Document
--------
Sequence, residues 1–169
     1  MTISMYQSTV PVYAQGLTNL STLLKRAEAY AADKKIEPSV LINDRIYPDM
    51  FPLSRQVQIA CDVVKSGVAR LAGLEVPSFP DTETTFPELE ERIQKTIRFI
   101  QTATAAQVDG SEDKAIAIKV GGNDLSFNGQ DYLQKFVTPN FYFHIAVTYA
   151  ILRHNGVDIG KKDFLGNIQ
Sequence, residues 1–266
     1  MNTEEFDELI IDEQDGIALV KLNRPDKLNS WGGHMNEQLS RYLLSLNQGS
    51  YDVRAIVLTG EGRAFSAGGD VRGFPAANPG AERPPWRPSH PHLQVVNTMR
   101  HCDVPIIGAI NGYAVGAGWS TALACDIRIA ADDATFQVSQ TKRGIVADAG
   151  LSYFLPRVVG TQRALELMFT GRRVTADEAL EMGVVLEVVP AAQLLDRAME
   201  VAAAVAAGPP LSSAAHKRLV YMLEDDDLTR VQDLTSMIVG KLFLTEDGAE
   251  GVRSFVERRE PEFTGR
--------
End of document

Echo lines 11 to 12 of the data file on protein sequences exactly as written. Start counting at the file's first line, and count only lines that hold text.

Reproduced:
   201  VAAAVAAGPP LSSAAHKRLV YMLEDDDLTR VQDLTSMIVG KLFLTEDGAE
   251  GVRSFVERRE PEFTGR